Abstraction Of Mind





Features of the mechanism of mental operations are brought out in

certain phenomena of abstraction of mind, which show how the attention

can be so short-circuited that sensations from the periphery utterly

fail to penetrate to the consciousness. Most men have had the

experience of taking out their watches, looking at them, and then

putting them back. Presently somebody asks what time it is. Unable to

recollect what it was that they saw, they have to look again. There is

no doubt that they meant to observe the time.



The same thing is true for practically all the senses. A pickpocket

takes advantage of our being occupied with many other feelings in the

midst of the jostling in a crowd on a car, or before a show window, or

he has a confederate add to the sensations already streaming up to us,

calling attention particularly to the other side of the body, and then

inserts his hand into our pocket and extracts what he finds. Sometimes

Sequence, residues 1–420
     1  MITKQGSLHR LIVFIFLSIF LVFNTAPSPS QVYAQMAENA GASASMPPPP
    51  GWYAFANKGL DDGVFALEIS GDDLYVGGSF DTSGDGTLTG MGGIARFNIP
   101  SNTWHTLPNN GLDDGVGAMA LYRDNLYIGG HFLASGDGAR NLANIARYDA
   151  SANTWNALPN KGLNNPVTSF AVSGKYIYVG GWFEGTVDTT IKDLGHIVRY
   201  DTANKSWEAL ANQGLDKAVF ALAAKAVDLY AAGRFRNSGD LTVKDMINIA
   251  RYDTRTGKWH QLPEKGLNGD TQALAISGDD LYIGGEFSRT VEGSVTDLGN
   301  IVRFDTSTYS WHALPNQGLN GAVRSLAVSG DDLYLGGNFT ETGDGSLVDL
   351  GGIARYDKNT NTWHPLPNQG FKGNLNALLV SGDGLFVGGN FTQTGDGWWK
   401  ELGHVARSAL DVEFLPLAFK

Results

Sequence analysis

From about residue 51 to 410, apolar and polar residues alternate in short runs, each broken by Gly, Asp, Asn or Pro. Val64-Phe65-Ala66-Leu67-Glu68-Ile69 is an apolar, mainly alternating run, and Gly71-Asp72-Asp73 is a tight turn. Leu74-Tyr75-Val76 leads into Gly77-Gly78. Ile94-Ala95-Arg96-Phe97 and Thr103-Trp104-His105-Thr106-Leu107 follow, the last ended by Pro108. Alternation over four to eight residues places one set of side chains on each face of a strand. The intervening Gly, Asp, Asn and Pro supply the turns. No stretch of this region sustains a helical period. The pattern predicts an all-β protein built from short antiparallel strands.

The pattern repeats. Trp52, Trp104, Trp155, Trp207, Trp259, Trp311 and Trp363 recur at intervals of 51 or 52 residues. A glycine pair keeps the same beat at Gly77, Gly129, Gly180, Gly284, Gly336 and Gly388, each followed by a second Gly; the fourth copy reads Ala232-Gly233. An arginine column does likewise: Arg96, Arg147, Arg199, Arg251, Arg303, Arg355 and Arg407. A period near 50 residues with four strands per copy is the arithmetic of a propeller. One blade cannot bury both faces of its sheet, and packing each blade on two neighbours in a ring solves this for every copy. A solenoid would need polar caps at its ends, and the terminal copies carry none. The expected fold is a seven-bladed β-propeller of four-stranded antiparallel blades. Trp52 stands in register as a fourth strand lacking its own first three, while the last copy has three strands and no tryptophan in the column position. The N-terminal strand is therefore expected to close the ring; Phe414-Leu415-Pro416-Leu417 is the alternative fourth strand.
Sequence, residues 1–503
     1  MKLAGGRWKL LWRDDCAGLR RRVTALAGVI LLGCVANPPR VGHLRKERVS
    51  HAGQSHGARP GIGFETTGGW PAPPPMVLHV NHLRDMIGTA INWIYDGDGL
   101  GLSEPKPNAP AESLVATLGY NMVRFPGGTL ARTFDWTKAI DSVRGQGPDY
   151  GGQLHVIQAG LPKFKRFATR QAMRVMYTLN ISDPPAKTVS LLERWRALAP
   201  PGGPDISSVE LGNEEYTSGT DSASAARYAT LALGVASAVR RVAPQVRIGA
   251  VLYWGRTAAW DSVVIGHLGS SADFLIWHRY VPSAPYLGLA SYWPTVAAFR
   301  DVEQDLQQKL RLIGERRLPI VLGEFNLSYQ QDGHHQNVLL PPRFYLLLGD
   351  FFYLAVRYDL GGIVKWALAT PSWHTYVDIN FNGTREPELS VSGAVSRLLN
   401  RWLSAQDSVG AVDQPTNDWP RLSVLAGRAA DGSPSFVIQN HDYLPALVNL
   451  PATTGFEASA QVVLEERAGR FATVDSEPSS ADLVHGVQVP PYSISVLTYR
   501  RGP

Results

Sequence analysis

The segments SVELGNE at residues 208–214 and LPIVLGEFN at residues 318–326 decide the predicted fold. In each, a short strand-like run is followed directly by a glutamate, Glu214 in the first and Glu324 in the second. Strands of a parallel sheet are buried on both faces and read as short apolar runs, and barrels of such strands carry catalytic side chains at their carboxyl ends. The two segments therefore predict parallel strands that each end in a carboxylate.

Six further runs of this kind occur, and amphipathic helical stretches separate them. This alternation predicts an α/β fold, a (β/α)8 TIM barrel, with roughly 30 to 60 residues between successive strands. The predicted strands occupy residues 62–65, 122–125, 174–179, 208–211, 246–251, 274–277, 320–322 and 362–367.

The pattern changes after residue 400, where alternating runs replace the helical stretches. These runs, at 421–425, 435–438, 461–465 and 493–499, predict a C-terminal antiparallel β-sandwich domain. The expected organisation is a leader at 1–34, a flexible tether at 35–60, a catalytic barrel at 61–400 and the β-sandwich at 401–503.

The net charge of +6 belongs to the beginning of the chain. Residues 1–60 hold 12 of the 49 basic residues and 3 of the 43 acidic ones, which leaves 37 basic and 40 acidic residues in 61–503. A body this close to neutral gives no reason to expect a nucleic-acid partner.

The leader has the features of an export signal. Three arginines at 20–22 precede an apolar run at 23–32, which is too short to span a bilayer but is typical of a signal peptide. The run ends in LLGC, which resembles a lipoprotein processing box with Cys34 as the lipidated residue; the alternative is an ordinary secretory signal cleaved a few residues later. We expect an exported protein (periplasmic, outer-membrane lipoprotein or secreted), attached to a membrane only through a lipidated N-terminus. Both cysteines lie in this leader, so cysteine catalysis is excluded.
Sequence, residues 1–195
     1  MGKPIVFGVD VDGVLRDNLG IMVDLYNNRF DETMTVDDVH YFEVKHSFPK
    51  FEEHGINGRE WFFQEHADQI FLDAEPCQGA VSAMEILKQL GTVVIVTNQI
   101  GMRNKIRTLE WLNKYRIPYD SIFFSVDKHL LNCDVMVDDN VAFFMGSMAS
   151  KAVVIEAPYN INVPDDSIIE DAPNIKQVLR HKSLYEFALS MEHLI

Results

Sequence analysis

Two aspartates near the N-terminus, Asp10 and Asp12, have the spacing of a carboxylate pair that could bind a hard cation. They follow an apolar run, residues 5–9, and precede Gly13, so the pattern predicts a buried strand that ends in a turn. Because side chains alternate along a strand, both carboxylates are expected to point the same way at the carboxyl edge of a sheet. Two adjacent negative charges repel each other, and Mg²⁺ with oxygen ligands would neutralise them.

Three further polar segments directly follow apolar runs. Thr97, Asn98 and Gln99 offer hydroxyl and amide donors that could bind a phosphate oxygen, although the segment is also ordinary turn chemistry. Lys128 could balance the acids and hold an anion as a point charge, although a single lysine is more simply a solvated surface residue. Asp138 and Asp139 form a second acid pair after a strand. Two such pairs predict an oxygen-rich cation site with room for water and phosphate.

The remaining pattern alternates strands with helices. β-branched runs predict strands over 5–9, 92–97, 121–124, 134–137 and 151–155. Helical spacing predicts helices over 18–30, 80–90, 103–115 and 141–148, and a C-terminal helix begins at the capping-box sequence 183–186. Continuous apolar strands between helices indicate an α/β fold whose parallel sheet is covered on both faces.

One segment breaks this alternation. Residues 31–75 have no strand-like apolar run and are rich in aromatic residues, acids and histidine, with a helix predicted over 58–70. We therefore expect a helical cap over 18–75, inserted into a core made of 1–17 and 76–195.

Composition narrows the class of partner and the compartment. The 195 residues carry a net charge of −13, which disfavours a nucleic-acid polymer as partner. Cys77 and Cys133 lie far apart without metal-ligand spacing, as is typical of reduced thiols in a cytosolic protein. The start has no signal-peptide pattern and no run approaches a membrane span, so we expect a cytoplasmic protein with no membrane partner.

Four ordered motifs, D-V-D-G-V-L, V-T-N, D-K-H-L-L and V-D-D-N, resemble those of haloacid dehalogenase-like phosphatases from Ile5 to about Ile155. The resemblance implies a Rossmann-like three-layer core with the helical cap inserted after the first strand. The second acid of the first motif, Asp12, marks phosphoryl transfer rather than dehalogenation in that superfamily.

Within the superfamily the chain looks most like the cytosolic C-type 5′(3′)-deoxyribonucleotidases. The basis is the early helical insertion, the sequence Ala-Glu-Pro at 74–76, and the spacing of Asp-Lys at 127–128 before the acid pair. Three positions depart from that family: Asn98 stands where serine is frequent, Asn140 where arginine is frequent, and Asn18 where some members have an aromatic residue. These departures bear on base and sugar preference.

we have a faint memory of something having happened to that pocket,

but our attention was occupied elsewhere.



In hearing we have the same experience. When thoroughly occupied with

a book, a person may talk to us or ask us a question and we have no

idea of what was said, sometimes utterly failing to hear the voice;

sometimes we hear the sound of the voice, but do not comprehend the

meaning of the words.



When we are unprepared for a question we nearly always have to have it

repeated to us. Sitting in a railroad train, if the person behind us,

whom we did not expect to talk to us, asks a question, it is very

probable that on the first asking we shall not notice it at all,

considering that it is addressed to someone else. On its repetition,

it may appeal to us as addressed to ourselves, but even then we

readily lose its significance because our attention has not been

called to the wording of it soon enough to enable us to comprehend it

thoroughly. These experiences, so familiar that we have probably all

had them at some time or other, indicate how universal is the power of

the mind to concentrate itself upon itself to the extent of neglecting

sensations from the outer world, even though they may pass the

periphery of the organism and manifestly affect the first neuron of

the chain that leads up to our brain and consequently to

consciousness. They do not reach the center with sufficient intensity

to be understood, and a conscious act of attention must be made before

we comprehend their meaning.





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